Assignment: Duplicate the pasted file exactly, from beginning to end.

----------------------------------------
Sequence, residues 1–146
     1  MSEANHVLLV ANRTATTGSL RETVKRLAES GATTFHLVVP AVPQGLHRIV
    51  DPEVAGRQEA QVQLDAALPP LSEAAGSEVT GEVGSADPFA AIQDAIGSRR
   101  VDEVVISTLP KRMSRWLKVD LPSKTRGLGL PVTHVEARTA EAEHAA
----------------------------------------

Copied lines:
Sequence, residues 1–146
     1  MSEANHVLLV ANRTATTGSL RETVKRLAES GATTFHLVVP AVPQGLHRIV
    51  DPEVAGRQEA QVQLDAALPP LSEAAGSEVT GEVGSADPFA AIQDAIGSRR
   101  VDEVVISTLP KRMSRWLKVD LPSKTRGLGL PVTHVEARTA EAEHAA